What does this tell you about big data?

Big Data = Statistics

Big data is statistics with just more of them. It can be insightful and truthful, or it can be skewed and manipulative. Transparency in both methodology and data sources are vital if we are to make any useful sense of statistics that are thrown our way. Publications such as The Atlantic and Recode — not to mention anyone wielding statistics — have a responsibility to do some fact-checking and verification before propagating such big bad data.

If I had to pick one data set out of the two mentioned above, it would be DMG, because they are open about their methodology and statistics. With Buzzfeed’s info, we literally just have a picture, without understanding the methodology or numbers behind it, just as with Google Trends.

Google Trends Says Laotians Love Japanese Girls

If you already understand how Google Trends works, you can skip to the “Why Google Trends is Stupid” Section.

Everyone else, welcome to my article.

For those who don’t know, Google Trends is a Google tool that allows you to examine the relative “interest” in search terms, search topics, where those terms and topics are most popular, other related searches, and other related data.

This type of data, of course, is extremely valuable for internet marketers engaged in research…or would be if it weren’t so sketchy.

Miley, You Lose

Let’s compare the literary genre of science fiction, the anime Neon Genesis Evangelion, the search term “hunger games,” the anime genre, and the term “miley cyrus.”

miley v anime google trendNot only does worldwide “interest” in anime consistently top all other searches, it even outperforms all the others combined at least 95% of the time. On the one hand, we never really think of anime as being so popular, but when you include the entire world’s search results, you can see how it compares to other genres and titles that garner so much attention from mainstream media.

When you look at the actual charts, Google’s site correlates popularity spikes with news events for you, so you can see that miley cyrus’s biggest spike coincided with her MTV music awards. Examine the “regional interest” section and you’ll see that her biggest fans aren’t in the United States, but in Guyana, the Faroe Islands, Guam, Belize…in fact, the USA is #8 on the list.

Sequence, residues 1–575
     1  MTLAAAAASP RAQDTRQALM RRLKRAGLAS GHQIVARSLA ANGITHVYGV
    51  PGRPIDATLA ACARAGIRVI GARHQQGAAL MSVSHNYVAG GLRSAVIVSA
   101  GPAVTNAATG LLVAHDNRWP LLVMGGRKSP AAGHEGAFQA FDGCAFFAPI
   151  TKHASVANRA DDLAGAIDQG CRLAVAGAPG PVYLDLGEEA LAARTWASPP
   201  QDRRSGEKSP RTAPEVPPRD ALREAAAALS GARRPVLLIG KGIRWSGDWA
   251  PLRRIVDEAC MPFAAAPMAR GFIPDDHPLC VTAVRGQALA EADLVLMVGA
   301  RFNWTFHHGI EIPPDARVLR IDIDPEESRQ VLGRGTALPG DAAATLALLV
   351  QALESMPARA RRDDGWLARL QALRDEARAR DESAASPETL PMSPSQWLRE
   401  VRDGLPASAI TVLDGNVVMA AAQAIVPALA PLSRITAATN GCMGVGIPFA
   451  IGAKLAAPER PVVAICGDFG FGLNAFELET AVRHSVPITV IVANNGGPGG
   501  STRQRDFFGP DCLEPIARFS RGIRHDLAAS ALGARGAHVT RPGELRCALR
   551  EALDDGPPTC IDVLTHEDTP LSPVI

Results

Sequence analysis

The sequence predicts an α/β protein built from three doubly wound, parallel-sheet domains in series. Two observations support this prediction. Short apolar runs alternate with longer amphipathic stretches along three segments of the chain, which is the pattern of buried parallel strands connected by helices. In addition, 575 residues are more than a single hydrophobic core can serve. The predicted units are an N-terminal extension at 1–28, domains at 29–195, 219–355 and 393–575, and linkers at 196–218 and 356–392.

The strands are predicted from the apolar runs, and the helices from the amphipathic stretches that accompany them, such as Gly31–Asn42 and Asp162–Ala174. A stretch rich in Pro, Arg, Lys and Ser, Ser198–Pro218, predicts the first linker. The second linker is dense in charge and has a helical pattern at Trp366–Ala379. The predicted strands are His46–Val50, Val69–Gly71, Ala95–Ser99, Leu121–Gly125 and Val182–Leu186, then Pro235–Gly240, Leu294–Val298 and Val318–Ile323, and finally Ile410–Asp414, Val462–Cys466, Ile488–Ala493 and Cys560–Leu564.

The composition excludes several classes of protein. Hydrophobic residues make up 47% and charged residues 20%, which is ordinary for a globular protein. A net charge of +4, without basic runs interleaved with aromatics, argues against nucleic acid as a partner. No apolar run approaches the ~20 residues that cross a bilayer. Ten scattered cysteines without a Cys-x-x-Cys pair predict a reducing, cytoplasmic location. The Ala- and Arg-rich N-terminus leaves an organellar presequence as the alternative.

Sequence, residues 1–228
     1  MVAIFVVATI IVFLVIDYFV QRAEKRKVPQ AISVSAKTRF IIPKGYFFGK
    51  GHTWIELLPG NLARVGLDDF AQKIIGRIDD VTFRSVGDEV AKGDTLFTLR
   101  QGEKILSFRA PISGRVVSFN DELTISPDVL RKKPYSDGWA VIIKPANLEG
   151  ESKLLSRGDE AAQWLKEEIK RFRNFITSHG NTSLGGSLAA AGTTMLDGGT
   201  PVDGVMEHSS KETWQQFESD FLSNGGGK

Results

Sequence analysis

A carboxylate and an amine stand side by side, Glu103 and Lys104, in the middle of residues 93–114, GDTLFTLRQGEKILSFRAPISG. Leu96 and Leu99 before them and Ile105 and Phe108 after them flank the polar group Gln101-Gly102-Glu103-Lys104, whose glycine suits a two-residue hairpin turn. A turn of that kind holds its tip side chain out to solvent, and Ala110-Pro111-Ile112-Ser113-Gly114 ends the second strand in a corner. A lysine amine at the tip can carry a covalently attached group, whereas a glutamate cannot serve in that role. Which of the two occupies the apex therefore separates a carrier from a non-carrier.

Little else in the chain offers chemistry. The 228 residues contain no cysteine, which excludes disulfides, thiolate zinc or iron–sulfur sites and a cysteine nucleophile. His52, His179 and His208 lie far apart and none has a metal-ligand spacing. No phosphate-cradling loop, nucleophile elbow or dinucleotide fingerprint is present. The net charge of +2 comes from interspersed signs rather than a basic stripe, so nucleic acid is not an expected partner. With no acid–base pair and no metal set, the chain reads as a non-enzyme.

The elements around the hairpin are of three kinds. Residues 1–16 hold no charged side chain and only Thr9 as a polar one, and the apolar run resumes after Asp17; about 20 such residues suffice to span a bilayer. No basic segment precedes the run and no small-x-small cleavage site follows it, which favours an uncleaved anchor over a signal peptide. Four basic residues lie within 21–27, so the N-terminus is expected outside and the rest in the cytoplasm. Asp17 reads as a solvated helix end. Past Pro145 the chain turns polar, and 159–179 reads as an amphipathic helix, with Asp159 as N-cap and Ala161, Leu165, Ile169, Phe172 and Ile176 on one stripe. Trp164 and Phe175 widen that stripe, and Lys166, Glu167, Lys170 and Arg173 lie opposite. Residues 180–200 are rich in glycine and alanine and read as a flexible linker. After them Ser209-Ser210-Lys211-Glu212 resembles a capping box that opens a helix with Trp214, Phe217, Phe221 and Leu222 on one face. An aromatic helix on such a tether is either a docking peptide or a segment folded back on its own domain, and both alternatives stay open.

Interesting, or confusing?

The Japanese-Loving Laotians

laotians love japanese girlsjapan laos google trendsWhile first looking at some Japan-related search trends, I noticed something else: Laos tops the search term volume for “japan,” followed by Cambodia, Myanmar, Mongolia, and so on.

At the bottom of the Laos-specific search page, you will see related searches.

Now, anyone who has spent any time in southeast Asia doesn’t need to blink twice to know something’s wrong with this picture.

The “100” next to Laos means that it has the highest search volume in the world, and the other 1-to-100 numbers are calculated against that…or so I thought, based on Google’s unclear help bubble language, which says, “Numbers represent search volume relative to the highest point on the map which is always 100. Click on any region/point to see more details on the search volume there.”

The reason for these odd-looking results?

Google normalizes its data (see below), but, even in a post titled “How Trends Data is Normalized,” it doesn’t tell you how Trends data is normalized, it just explains what the normalized results look like.

We aren’t told what the search volume is, so I went over to Google AdWords to look at numbers. There, we find that Laos manages a paltry 1,360 searches per month vs. the USA’s 199,640. When I checked search volumes for “japan girl” plus “japan girls,” I found that Laos came up with 206 searches, and when you add “google japan” to that list, you only come up with 278, vs. the USA’s 43,422 for all three search terms.

Why Google Trends is Stupid

No numbers and no pre-normalization information means no meaningful picture.

Google really needs to work on its social skills. Its inability to successfully promote its social network Google+ is one glaring example of this, and the opaque Trends interface is another. Behind the scenes I’m sure they’re working on an artificial brain that will predict the future, but we’re all left in the dark with “interest” charts. I suppose that’s normal in this age of Big Data-hoarding.

Data Normalization

Wow, guess those Aussies like GoT. Too bad there's only 22 million of them

Wow, guess those Aussies like GoT. Too bad there’s only 22 million of them. How good is there internet infrastructure, I wonder? And what about demographic data?

To normalize a data set means that, according to the map-making software folks at AlignStar, you “transform the data so it may be compared in a meaningful way.” In the example they give on the AlignStar site, we see two maps of unemployment rates. One which shows absolute values within a US state, and the other which shows normalized values.

Each map paints a different picture.

If, for example, you wanted to measure the counties of a given state to see which have higher unemployment rates, then you would measure the absolute number of unemployed against the total workforce, which is what AlignStar did in their second map. This shows a couple counties that had relatively high unemployment rates. They pointed out,

The maps above portray a very different picture of the same information. Each map could prove useful depending on the point that the map creator was trying to make.  It is important to keep this in mind when creating thematic maps. Sometimes a very small change can result in a very different picture.